Birds, various wildlife, and beneficial insects can be “left alone” if trees were pruned in the winter/dormant season.
We have a lot of dying trees in our area. What to look for, to determine if your tree should be pruned, or if it is in decline (dying):
Trees that are 30% in decline (leafless), are terminal. It would be a waste of money to prune or inject a dying/terminally diseased tree.
Tip die-back is known as “flagging”. Flagging is a sign that the vascular system has been compromised. It is a major sign a tree is severely stressed. Often a rather large tree limb, known as a “leader” will die first. That is the “flagging” signal that the tree is likely in trouble. After one major leader dies, the rest of the tree is not far behind with dying back.
What is the difference between an estimate, a quote, and consultation?
An estimate can be a broad range of costs. We usually like to give estimates if a customer is long-term planning. People seeking estimates may not have a serious or urgent need for services. An estimate is usually done with little-to-no time to factor in variables that can determine a real cost. An estimate is typically provided without an onsite visit.
A quote is a fixed rate for services proposed and is welcome to be counter-bid. We encourage friendly dialogue between us and customers regarding pricing. We prefer to provide quotes to customers that are in the position to use our services, in the near future (2-4 weeks).
When a free onsite appointment is scheduled the primary objective of the discussion is about the immediate need a customer has. We like to stay on topic, so way we can respect your valuable time and not cause you to fall behind in your schedule.
A consultation is a customer seeking advice, information, and/or opinion from a professional relevant to his/her expertise.
As much as I donated years of free time towards consultations, I can no longer afford to do so.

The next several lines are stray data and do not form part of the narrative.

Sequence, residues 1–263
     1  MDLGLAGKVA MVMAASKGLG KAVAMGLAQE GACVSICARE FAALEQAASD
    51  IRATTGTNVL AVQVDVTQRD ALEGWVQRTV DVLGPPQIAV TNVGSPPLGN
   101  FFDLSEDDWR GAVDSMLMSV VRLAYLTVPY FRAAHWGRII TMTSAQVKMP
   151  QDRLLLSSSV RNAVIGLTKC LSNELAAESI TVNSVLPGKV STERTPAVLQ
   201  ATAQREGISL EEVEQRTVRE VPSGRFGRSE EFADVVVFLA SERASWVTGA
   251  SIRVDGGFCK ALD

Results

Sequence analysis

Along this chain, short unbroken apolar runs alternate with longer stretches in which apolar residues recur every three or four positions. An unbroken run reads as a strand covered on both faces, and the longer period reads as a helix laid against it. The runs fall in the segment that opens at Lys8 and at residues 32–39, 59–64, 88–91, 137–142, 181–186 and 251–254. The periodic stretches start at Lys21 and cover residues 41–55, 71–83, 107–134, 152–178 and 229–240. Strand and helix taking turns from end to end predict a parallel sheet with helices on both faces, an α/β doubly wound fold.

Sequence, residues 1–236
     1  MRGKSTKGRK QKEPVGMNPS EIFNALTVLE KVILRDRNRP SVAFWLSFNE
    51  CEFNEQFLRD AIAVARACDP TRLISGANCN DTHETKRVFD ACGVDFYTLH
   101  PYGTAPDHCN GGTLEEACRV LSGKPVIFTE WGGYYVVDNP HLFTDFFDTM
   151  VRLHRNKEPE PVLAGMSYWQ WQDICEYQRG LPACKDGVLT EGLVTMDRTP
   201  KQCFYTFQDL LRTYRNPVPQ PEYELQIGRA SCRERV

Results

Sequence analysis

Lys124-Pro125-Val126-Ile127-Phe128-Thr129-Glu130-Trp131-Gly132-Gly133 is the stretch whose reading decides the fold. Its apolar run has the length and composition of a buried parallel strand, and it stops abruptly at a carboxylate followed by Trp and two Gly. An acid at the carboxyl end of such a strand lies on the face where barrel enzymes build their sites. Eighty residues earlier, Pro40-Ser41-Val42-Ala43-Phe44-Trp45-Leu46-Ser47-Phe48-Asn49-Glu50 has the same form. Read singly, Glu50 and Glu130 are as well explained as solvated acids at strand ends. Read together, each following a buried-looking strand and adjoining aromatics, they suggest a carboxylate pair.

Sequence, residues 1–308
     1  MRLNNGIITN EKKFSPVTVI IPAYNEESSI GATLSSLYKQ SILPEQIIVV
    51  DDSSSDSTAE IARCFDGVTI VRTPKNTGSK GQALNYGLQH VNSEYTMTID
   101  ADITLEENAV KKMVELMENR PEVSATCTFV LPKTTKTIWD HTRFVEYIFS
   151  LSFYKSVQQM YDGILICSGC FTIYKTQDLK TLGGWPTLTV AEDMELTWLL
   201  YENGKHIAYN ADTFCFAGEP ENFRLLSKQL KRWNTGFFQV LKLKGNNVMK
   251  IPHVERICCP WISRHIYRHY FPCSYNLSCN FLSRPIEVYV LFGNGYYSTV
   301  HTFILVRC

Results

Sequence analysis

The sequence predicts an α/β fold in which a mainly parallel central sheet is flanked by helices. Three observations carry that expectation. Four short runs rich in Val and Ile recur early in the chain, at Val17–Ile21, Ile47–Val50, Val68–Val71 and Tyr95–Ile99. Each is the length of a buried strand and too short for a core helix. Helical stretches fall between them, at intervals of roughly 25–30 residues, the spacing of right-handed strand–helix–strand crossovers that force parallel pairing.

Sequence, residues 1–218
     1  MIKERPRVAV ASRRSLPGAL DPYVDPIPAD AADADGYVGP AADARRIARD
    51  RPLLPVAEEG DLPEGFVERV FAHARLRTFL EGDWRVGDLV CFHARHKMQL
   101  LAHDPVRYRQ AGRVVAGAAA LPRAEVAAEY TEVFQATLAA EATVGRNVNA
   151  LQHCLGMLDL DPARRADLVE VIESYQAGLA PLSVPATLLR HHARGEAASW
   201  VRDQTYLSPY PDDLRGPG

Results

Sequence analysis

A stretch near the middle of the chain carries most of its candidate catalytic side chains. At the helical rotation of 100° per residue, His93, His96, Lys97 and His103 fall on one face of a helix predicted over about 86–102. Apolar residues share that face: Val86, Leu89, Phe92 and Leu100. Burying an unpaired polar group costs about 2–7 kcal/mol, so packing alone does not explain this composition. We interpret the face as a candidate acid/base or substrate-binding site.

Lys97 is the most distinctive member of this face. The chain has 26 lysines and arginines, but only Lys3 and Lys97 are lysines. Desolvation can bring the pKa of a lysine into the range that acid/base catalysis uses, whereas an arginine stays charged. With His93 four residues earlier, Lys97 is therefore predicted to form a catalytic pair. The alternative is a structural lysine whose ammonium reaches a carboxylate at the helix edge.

I can offer remote/online consultations at a cost. This is the easiest way to meet your needs and keep up with the demand for advice, information, long-term planning, etc…
Onsite consultations are more thorough and insightful. We can typically cover a lot of different topics in a short period of time.
Ask for our rates for remote/online consultation versus onsite consultations.
Here are a few stressors that are common in Longmont trees:
Squirrel Damage. Squirrels chew the bark and cut off the vascular system in trees, and can kill trees
Fungal and bacterial growth in the cambium of a tree clog up the flow of water and food to the tree, thus kill trees
Any oozing, dark or light-colored spots, blistered bark, or smelly branches are an indicator that the tree has a pathogen, that will likely kill the tree.
Insect Damage. Certain insects chew inside of the tree and cut off the vascular system of the tree (i.e. Emerald Ash Borer).
Let’s not forget about pale yellow/green trees. A tree in a state of chlorosis is a dying tree. The tree is losing the ability to produce chlorophyll. Chlorophyll is there to capture sunlight to convert energy into food. Alkaline soil is the true problem. Alkaline soil binds up the available nutrients to the tree. No matter how much product or human intervention has been done for chlorotic trees, I have see 100% of them die. Because there is human intervention it delays the death of the tree; yes. But, the tree still dies. If your tree can no longer produce chlorophyll and the leaves are wilted, and are falling off; the tree cannot come back. It is dead.
Cost-Benefit Analysis; Pruning versus Removal/Replacement:
Save yourself money. Do not prune a tree that is severely stressed. You will pay out nearly 100% of the amount you would if you simply removed the tree in the first place.
Pruning out large portions of a dying/diseased tree will not slow down the rate of decline, nor will it reverse symptoms. In most situations, pruning out large dead branches can require technical skill and labor to be accomplished. This type of work is expensive… and still will require the tree to be removed.